Therefore, I invite you all – young and old – to pull out your copy and watch this cinematic treasure the next chance you have. And for those of you who don’t own a copy, rent one! Most libraries carry it on DVD nowadays. Everyone should watch at least once a year.

What’s your favorite scene from The Wizard of Oz (1939)? Why?


*Second only to my all-time favorite, It’s a Wonderful Life (1946).

**Anyone else watch Despicable Me (2010)? The minions are the best part!

9 Comments:

  1. Good post, Leah. It made me smile. I think everyone over the age of 25 has seen this movie. Even my non-movie watching parents have seen it. We used to watch it on TV every Thanksgiving and I always loved it. Though as a kid this was a horror movie to me. The wicked witch and the monkeys used to scare the crap out of me. This and the terrifying Miss Piggy scarred my childhood.

    • I’m glad you enjoyed the post, Shawn. And, while I really want to laugh at your Miss Piggy-induced nightmares, I won’t; after all, I am the 32-year old who is still scared of dolls. πŸ™‚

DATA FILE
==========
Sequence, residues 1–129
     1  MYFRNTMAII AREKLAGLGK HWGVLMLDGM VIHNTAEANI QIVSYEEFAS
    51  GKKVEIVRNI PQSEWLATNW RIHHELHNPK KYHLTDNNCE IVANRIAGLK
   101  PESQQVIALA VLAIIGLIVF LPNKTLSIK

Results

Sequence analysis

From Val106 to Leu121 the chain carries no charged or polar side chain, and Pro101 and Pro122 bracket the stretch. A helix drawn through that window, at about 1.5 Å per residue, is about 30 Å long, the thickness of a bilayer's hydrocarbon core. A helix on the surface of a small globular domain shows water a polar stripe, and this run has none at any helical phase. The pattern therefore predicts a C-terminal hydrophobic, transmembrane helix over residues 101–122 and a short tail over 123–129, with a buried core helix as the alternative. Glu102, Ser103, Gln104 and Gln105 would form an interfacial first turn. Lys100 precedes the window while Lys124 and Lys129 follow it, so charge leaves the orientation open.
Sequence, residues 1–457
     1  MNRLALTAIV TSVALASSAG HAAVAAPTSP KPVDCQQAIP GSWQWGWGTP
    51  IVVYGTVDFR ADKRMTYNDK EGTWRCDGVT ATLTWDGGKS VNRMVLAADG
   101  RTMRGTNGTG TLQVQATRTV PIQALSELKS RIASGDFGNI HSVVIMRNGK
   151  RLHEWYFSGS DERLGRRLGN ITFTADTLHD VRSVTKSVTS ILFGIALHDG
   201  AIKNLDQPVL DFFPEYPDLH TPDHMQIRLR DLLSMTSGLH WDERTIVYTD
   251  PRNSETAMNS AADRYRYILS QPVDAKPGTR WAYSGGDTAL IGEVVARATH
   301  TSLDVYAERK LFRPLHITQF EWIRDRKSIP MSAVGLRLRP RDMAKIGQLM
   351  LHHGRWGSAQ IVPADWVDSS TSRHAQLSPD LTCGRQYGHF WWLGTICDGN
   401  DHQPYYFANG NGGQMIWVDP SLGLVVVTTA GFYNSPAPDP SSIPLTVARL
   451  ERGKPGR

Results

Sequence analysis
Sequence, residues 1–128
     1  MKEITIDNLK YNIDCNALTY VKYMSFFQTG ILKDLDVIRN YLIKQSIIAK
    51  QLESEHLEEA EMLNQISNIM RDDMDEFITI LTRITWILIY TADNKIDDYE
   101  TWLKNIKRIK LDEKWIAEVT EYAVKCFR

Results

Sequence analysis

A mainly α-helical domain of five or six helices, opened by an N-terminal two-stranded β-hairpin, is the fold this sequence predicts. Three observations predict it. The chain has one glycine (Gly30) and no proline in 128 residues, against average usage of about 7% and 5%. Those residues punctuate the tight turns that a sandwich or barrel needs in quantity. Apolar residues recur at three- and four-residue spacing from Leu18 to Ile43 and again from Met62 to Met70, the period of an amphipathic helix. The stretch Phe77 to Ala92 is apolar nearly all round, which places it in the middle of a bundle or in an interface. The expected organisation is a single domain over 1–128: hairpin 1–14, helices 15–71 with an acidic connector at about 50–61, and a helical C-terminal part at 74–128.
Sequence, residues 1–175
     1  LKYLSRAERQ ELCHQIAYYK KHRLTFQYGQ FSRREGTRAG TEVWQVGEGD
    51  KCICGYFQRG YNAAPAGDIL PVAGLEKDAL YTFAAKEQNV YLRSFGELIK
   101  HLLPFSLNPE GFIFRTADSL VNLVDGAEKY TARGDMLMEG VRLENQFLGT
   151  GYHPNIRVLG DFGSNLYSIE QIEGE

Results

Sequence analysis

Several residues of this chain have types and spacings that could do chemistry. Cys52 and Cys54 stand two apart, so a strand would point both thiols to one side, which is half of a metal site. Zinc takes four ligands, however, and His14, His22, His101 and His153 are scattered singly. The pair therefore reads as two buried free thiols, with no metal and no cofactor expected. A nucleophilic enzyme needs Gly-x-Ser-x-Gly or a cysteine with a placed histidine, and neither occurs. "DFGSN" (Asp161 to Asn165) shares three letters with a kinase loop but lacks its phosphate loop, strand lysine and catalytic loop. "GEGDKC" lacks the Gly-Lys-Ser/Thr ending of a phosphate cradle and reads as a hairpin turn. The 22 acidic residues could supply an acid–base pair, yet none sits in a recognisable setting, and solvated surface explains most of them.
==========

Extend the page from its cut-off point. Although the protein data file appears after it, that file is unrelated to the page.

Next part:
2. Big surprise , I was frightened when the wicked witch melted. I wasn’t very old the first time I saw it so I’ll use that for an excuse. Of course WAY back then we weren’t used to seeing anything quite like it on TV.

    My favourite scene would likely be when the good witch tells Dorothy how to get back home. –But you probably guessed that..LOL!

    There are so many good scenes in that movie. Hard to pick one!

    • Laura,

      Believe it or not, like Shawn mentioned, this movie was pretty much my [lightweight] introduction to horror movies. Growing up, we weren’t allowed to watch anything outside the world of PBS so watching this every year was a big deal for my sister and me. Heck, I can remember how excited we were to watch cartoons for the first time when I was about 7 years old. And, like you, I wasn’t used to seeing anything like this on TV. Thankfully, my childhood years weren’t plagued with as much “trash TV” as there is nowadays.

      However, I was knee-deep in “real” horror movies by the time I hit 9, so my innocence didn’t last very long. πŸ˜€